Funder: National Institute on Drug Abuse
Project period: 09/29/2000 - 09/28/2005
Grant Type: Research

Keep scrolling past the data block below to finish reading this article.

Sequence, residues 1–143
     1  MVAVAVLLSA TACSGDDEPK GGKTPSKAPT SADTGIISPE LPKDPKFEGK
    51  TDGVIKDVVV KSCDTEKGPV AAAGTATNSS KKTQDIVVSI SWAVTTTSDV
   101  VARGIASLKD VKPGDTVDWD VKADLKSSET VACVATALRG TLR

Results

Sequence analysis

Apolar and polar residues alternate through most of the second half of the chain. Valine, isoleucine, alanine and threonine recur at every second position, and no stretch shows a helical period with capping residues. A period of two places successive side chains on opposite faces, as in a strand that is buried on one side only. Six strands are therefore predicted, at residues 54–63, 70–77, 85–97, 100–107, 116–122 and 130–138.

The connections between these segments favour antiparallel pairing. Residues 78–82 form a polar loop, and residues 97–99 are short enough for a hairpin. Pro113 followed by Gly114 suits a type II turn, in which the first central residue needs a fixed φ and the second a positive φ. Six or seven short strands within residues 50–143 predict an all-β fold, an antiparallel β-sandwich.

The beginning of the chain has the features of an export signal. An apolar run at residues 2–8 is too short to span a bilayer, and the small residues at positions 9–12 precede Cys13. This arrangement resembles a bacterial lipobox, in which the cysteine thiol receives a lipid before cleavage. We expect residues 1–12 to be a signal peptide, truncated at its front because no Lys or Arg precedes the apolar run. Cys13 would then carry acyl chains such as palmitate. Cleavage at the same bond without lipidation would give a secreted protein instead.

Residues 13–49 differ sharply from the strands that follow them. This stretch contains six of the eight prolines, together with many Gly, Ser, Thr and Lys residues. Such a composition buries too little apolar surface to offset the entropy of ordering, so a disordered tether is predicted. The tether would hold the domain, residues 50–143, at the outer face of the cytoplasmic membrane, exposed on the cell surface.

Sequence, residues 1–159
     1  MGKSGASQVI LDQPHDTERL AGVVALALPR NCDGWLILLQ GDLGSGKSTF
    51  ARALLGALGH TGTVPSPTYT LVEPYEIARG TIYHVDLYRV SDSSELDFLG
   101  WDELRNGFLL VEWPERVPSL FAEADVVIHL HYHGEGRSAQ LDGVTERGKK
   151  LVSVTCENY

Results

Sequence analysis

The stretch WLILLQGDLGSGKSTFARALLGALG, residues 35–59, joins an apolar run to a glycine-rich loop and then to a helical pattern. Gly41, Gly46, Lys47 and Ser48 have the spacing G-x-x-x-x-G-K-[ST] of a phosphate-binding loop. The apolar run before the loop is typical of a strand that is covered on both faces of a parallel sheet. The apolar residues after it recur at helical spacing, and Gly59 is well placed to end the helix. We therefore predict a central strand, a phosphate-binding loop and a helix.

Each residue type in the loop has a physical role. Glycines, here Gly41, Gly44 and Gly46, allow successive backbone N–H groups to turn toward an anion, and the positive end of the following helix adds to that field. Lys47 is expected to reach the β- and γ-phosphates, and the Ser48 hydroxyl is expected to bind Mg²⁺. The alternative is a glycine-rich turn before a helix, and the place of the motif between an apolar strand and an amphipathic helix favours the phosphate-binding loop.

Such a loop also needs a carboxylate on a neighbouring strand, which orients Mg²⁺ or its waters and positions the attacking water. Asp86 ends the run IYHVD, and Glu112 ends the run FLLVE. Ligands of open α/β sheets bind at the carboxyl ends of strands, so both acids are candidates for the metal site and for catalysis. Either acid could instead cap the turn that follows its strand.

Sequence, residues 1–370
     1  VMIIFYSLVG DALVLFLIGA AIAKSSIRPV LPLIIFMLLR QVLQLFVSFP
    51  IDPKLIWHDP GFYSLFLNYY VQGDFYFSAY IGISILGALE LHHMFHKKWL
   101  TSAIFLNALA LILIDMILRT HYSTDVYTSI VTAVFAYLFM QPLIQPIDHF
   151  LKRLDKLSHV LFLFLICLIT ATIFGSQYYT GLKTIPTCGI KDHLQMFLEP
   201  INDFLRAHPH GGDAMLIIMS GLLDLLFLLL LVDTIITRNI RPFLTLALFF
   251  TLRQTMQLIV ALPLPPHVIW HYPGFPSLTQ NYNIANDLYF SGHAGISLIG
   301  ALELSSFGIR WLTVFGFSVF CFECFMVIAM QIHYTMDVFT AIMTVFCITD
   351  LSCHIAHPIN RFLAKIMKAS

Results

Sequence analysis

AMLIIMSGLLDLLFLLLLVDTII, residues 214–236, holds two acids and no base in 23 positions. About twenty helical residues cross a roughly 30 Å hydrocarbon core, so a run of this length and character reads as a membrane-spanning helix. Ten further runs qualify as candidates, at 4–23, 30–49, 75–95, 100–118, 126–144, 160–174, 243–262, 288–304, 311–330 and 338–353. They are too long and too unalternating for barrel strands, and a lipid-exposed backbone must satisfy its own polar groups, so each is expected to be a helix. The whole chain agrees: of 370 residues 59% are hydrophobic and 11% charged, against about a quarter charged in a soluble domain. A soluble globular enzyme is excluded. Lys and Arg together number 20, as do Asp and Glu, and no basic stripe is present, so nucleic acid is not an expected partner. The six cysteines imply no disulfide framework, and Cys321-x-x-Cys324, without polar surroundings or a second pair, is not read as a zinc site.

The use of highly active antiretroviral therapy (HAART) has resulted in marked reductions in AIDS incidence, mortality and hospitalization. Unfortunately, these successes have not been uniform among all groups of people living with HIV, particularly among HIV infected injecting drug users (IDUs). The stunning benefits of HAART have been blunted and limited by difficulties in access and adherence to therapy. Despite the impressive successes of directly observed therapy (DOT) for tuberculosis control, only a few pilot studies of this intervention have been implemented for the treatment of HIV disease. Most of these studies of DOT using HAART have been accomplished in the controlled setting of either methadone maintenance or prisons, yet as few as 15-20 percent of IDUs are likely to be in these settings. For those who are in these settings, relapse to active drug use is common. Thus, in order to accomplish increased access to and utilization of HAART by HIV infected IDUs, innovative programs that effectively reach out-of-drug treatment IDUs are desperately needed. One such way to effectively interact with these IDUs is through needle exchange programs (NEPs). In this study, we propose to conduct a randomized, controlled trial comparing modified DOT dispensed HAART through NEP-based health services to standard of care. Recruited subjects of out-of-drug treatment HIV+ IDUs will be randomized based on census-block code and experience with antiretroviral therapy. Modified DOT will be administered to the intervention group; for twice daily regimens, they will receive one dose per day as DOT and will receive a programmed reminder to take their next dose on their own. Primary endpoints include standardized measures of adherence, reduction in HIV-1 RNA levels and time to development of a primary HIV-1 resistance mutation. Secondary measures of interest include quality of life measures, health care utilization and entry into drug treatment.